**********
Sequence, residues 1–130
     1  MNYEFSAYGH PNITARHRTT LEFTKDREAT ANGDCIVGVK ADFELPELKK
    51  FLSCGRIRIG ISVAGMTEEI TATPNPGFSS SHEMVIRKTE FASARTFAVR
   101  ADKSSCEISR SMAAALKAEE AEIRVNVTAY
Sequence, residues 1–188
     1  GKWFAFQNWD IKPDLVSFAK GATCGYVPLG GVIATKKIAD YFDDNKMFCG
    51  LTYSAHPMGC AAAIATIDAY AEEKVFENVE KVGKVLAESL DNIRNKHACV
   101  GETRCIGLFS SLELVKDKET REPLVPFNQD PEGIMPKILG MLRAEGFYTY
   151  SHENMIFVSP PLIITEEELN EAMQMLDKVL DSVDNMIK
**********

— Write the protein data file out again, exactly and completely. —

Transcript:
Sequence, residues 1–130
     1  MNYEFSAYGH PNITARHRTT LEFTKDREAT ANGDCIVGVK ADFELPELKK
    51  FLSCGRIRIG ISVAGMTEEI TATPNPGFSS SHEMVIRKTE FASARTFAVR
   101  ADKSSCEISR SMAAALKAEE AEIRVNVTAY
Sequence, residues 1–188
     1  GKWFAFQNWD IKPDLVSFAK GATCGYVPLG GVIATKKIAD YFDDNKMFCG
    51  LTYSAHPMGC AAAIATIDAY AEEKVFENVE KVGKVLAESL DNIRNKHACV
   101  GETRCIGLFS SLELVKDKET REPLVPFNQD PEGIMPKILG MLRAEGFYTY
   151  SHENMIFVSP PLIITEEELN EAMQMLDKVL DSVDNMIK